Leopard Seal (Hydruga leptonyx) on an ice-floe

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Antarctic seals

A juvenile leopard seal probably only recently left its mother showing the wide gape (and current lack of adult teeth!)

Adult leopard seal with the characteristic permanent "grin"

Named for the spotting on its underside and the wide gape that displays a mouth full of sharp teeth, the Leopard Seal is one of the largest predators in Antarctica, smaller only than the killer whale. Females are larger than males and average about 3m (10ft) long and around 350kg (770lb). They appear more squat when on the surface as in this picture on an ice floe, where they are nearly always seen, only rarely coming ashore onto land. In the sea, they appear longer, sleeker and almost snake-like in form and movements, though they swim of course with fore and hind flippers. Leopard seals are built for speed, they have a large powerful head, a huge gape and a massive lower jaw.

They frequent the edge of the pack ice and in particular areas around penguin rookeries all around Antarctica. They are fairly opportunistic as predators and will east a wide variety of prey from krill to penguins to young crabeater seals - their main prey. Their teeth are very much those of a carnivore, though they are also partly adapted with three large cusps on the pre-molars and molars that interlock and are also able to act as a strainer when feeding on krill. They are inquisitive and fearless, frequently approaching small boats to investigate when their large "grin" and all of those teeth they have can make them appear quite menacing. Their way of dealing with penguins is quite gruesome. Once caught and killed, the penguin is shaken violently from side to side by the leopard seal until it is literally thrown out of its skin and feathers for the seal to then swallow. Floating penguin skins in the sea are a sure sign of leopard seals nearby.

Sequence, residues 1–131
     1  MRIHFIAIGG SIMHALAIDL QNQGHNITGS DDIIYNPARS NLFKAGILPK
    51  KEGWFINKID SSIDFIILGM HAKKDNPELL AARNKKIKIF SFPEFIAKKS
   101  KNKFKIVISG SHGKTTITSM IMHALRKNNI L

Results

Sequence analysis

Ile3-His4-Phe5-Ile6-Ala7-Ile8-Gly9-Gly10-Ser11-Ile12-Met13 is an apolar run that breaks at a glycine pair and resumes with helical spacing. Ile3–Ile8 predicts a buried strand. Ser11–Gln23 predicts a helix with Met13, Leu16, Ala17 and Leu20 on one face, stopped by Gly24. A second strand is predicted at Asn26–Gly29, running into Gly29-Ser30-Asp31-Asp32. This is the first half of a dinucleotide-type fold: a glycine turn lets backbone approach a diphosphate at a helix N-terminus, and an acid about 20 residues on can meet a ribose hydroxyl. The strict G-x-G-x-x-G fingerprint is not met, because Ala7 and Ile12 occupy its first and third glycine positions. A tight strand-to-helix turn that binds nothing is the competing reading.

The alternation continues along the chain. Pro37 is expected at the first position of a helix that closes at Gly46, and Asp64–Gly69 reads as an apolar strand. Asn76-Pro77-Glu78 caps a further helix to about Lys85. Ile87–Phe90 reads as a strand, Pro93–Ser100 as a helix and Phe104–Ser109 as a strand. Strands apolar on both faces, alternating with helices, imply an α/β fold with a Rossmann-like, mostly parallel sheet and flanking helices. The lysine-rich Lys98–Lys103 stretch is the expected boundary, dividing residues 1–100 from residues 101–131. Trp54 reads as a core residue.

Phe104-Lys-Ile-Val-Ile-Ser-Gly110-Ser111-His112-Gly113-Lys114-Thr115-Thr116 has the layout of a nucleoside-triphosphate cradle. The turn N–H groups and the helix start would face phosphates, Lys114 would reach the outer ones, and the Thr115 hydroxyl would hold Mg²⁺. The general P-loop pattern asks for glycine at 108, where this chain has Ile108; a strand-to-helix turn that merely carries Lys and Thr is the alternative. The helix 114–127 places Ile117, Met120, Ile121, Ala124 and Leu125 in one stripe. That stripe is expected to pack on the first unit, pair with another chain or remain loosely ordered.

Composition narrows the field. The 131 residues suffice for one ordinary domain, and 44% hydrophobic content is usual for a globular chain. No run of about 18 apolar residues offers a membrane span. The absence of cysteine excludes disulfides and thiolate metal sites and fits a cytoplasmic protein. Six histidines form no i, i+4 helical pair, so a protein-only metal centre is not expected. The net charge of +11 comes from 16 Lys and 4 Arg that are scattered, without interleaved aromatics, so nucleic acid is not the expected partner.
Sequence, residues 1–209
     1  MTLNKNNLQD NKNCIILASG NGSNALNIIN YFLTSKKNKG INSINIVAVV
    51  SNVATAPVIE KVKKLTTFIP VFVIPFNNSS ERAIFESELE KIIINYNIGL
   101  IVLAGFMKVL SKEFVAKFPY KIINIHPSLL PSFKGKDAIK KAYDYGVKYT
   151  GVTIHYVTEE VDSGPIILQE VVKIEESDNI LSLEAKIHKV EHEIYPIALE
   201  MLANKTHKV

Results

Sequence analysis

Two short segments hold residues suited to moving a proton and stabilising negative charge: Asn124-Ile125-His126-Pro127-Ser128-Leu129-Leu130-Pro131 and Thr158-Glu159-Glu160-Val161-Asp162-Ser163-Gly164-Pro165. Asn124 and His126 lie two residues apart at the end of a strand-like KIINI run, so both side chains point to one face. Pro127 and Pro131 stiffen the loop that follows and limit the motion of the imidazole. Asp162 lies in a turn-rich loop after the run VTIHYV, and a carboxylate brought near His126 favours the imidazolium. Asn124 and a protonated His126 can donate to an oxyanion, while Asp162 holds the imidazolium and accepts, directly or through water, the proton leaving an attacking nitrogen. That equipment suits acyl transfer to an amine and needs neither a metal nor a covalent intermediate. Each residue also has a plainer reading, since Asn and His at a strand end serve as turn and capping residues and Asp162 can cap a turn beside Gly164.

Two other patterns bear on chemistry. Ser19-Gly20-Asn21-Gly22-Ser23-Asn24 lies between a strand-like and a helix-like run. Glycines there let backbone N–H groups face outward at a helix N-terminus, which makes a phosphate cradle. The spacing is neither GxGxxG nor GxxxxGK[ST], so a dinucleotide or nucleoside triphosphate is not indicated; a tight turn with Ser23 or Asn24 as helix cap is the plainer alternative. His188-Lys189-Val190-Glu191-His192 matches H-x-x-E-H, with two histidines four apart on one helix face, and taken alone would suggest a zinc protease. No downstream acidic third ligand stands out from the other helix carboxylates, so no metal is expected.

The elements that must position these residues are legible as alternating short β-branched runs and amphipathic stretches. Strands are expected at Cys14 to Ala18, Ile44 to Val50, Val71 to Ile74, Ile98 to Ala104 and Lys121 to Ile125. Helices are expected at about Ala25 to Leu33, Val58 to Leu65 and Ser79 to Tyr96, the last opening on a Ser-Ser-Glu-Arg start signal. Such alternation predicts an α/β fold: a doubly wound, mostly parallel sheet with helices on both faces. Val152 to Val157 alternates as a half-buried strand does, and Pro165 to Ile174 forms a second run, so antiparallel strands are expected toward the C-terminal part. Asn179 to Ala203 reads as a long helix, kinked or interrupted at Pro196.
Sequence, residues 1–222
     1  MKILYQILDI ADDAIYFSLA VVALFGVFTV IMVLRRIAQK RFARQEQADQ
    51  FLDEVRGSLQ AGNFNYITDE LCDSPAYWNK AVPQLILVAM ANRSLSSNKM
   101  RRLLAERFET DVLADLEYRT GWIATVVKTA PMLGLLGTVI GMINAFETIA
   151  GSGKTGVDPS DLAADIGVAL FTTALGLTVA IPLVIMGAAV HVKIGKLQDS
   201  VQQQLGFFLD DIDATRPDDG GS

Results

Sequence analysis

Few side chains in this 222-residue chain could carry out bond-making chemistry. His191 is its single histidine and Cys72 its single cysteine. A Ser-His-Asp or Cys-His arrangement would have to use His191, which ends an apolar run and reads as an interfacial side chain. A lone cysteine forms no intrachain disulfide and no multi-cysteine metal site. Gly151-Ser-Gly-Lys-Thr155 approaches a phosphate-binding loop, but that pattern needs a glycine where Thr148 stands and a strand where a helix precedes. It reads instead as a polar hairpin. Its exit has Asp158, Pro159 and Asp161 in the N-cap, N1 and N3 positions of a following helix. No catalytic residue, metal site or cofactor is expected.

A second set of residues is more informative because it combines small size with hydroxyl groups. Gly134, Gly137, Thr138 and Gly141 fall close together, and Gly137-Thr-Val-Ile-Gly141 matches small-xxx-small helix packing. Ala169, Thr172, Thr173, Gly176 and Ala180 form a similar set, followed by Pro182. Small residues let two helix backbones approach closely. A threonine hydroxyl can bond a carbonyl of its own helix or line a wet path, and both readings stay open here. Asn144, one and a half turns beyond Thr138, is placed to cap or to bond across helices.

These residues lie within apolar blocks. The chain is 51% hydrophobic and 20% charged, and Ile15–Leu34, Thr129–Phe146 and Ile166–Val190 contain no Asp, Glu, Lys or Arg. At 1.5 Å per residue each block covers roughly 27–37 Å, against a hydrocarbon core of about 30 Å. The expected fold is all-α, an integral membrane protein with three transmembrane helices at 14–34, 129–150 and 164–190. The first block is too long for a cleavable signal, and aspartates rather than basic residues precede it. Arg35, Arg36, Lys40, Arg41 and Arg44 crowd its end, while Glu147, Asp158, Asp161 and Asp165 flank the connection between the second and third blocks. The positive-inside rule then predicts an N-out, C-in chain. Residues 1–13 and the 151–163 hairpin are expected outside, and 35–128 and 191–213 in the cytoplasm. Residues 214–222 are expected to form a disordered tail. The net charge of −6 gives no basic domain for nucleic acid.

Photo; © Paul Ward